The first major empirical challenge to this interpretation of the disease theory followed a 1962 study by Dr. D. L. Davies. Davies' follow-up of 93 problem drinkers found that 7 of them were able to return to "controlled drinking" (less than 7 drinks per day for at least 7 years). Davies concluded that "the accepted view that no alcohol addict can ever again drink normally should be modified, although all patients should be advised to aim at total abstinence"; After the Davies study, several other researchers reported cases of problem drinkers returning to controlled drinking.
In 1976, a major study commonly referred to as the RAND report, published evidence of problem drinkers learning to consume alcohol in moderation. The publication of the study renewed controversy over how people suffering a disease which reputedly leads to uncontrollable drinking could manage to drink controllably. Subsequent studies also reported evidence of return to controlled drinking. Similarly, according to a 2002 National Institute on Alcohol Abuse and Alcoholism (NIAAA) study, about one of every six (17.7%) of alcohol dependent adults in the U.S. whose dependence began over one year previously had become "low-risk drinkers" (less than 14 drinks per week and 5 drinks per day for men, or less than 7 per week and 4 per day for women). This modern longitudinal study surveyed more than 43,000 individuals representative of the U.S. adult population, rather than focusing solely on those seeking or receiving treatment for alcohol dependence. "Twenty years after onset of alcohol dependence, about three-fourths of individuals are in full recovery; more than half of those who have fully recovered drink at low-risk levels without symptoms of alcohol dependence."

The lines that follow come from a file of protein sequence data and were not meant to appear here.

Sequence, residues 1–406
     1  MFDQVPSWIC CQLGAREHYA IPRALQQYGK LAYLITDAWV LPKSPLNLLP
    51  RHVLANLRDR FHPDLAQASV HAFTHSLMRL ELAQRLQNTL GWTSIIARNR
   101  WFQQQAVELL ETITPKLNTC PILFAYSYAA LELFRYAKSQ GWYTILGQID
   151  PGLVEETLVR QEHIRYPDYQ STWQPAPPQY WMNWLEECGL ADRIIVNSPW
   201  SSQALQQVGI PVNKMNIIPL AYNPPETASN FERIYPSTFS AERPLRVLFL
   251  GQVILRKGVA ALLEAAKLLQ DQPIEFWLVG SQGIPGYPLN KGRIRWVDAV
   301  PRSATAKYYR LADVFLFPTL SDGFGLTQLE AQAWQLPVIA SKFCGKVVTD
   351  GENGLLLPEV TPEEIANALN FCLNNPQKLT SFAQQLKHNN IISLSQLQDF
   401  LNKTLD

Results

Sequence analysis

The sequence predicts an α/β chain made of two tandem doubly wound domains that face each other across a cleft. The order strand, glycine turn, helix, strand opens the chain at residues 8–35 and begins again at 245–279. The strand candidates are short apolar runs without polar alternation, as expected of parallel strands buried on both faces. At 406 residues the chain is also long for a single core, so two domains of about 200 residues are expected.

However, many researchers have debated the results of the smaller studies. A 1994 followup of the original 7 cases studied by Davies suggested that he "had been substantially misled, and the paradox exists that a widely influential paper which did much to stimulate new thinking was based on faulty data." The most recent study, a long-term (60 year) follow-up of two groups of alcoholic men by George Vaillant at Harvard Medical School concluded that "return to controlled drinking rarely persisted for much more than a decade without relapse or evolution into abstinence." Vaillant also noted that "return-to-controlled drinking, as reported in short-term studies, is often a mirage."
The second RAND study, in 1980, found that alcohol dependence represents a factor of central importance in the process of relapse. Among people with low dependence levels at admission, the risk of relapse appears relatively low for those who later drank without problems. But the greater the initial level of dependence, the higher the likelihood of relapse for nonproblem drinkers. (Table 7.8 pg. 152) The second RAND study findings have been strengthened by subsequent research by Dawson et al 2005 which found that severity was associated positively with the likelihood of abstinent recovery and associated negatively with the likelihood of non-abstinent recovery or controlled drinking.